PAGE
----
Sadly, people in our communities sometimes experience a mental health crisis or even end their own lives. How do you recognise when someone is struggling, and what can you do to help? People often avoid bringing up concerns to their friends, fearing they might make things worse. Unsure what to do, they try to distract. But dressing up as RuPaul and doing interpretive dance outside their bedroom window probably won’t help.
Words: Paul Martin is the Senior Psychologist at the Centre for Human Potential.
The first step is to recognise when a friend is struggling. This can be a challenge. Many people put on a front, pretending that they are okay when they are not. They might feel shame or think it is a sign of weakness to admit to how they are really feeling. Not true. In fact, our brains are hard-wired to feel better when we talk about our struggles to someone we trust and feel safe with. It is actually a sign of strength to identify and talk about how you feel. But that does often mean going against beliefs instilled since we were very young.
How can you tell if someone is suffering if they don’t bring it up themselves? The main thing to look for is uncharacteristic behaviour. For example, a notorious party animal suddenly stops going out. Or a friend who normally lives on the phone suddenly stops calling. These can be signs something is up, and not in a good way.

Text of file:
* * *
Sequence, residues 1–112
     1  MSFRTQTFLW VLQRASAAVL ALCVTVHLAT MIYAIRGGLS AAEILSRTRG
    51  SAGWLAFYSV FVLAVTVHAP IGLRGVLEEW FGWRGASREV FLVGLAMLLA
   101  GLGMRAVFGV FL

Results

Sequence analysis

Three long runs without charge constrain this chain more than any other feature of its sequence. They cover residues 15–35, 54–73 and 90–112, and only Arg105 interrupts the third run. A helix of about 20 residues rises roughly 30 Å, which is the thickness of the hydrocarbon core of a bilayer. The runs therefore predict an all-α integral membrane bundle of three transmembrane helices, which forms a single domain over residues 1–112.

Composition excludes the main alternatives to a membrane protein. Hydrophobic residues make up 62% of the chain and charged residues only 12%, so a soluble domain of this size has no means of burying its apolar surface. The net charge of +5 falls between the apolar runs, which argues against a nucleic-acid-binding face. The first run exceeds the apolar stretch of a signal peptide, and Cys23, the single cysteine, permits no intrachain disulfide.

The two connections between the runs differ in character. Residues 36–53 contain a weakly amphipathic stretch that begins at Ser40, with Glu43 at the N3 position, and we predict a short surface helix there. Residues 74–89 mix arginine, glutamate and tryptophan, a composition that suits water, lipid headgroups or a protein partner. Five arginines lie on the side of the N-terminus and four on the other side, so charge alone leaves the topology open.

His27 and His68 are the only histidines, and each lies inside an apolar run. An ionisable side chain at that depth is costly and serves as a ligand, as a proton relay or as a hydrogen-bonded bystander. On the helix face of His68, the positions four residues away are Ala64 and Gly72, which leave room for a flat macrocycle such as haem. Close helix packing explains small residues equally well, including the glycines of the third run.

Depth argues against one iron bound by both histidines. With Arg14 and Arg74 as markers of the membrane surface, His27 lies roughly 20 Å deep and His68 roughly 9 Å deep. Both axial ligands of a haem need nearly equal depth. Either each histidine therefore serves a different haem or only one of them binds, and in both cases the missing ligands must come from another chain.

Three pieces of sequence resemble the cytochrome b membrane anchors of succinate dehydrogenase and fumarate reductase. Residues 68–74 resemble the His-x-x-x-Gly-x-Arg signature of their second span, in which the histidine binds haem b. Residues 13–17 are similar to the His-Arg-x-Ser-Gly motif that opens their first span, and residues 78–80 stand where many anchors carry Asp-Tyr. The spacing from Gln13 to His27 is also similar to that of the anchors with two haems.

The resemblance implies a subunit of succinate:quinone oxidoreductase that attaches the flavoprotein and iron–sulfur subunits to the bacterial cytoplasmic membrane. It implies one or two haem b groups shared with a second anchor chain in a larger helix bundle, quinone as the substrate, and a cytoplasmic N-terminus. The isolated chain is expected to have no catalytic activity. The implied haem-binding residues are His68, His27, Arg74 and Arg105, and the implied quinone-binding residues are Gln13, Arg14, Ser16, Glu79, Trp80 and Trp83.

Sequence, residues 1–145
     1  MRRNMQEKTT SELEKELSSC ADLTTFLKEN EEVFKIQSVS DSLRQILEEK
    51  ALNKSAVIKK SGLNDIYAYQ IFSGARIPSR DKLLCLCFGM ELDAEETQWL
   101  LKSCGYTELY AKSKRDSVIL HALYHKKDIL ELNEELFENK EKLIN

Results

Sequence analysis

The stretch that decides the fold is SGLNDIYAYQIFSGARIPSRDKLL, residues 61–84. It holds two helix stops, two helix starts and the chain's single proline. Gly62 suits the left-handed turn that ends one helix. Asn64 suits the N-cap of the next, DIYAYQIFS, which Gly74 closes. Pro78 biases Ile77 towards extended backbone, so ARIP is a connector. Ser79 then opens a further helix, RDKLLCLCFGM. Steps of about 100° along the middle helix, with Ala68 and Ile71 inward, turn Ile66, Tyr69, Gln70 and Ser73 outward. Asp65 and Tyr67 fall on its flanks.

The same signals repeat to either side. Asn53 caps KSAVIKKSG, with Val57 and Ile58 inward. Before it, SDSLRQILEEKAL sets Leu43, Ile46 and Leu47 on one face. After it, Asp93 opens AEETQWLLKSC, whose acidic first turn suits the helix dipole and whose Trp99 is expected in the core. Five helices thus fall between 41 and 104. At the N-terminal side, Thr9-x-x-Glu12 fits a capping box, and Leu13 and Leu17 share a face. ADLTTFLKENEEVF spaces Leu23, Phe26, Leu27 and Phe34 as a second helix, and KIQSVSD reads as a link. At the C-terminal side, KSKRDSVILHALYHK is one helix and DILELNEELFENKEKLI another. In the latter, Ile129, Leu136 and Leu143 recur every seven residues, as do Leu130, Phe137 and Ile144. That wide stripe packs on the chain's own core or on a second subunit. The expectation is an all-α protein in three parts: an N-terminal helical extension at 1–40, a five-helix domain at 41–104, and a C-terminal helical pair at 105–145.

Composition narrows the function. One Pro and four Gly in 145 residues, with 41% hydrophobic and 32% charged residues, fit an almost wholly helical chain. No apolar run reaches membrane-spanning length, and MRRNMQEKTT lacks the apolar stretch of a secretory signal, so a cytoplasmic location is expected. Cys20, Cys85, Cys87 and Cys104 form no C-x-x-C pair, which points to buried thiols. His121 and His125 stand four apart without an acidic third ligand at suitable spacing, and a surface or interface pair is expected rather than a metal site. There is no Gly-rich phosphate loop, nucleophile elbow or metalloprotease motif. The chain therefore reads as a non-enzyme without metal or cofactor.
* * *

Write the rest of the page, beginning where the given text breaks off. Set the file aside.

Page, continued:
You are not a counsellor
If you notice this, mention it. It is a caring gesture to talk about it. It’s not intrusive and you won’t make it worse by asking. Mention you’ve noticed their changed behaviour and ask how they are going. Remember that you are not a counsellor, just a friend who cares. They might not want to talk about it. So let them know that you are there for them if they ever want to reach out. If they do open up, resist trying to ‘make them feel better’ by telling them how great they are and that things will get better.
Whilst this is often accurate and great to mention when they are feeling okay again, they probably won’t believe you at this point. If they acknowledge they are struggling emotionally, you don’t need to provide answers. Just make sure they know that you will always listen. If they need professional assistance for their mental health crisis, ask what resources they can access or have accessed before. If they don’t want to do anything and choose to act in ways that hurt themselves, as painful as it is to watch, their choices are not your responsibility.
Suggest they see their GP. Their doctor can talk to them about a Mental Health Care Plan and refer them to a psychologist. It is ideal to see someone with experience working in our communities, such as the Centre for Human Potential.
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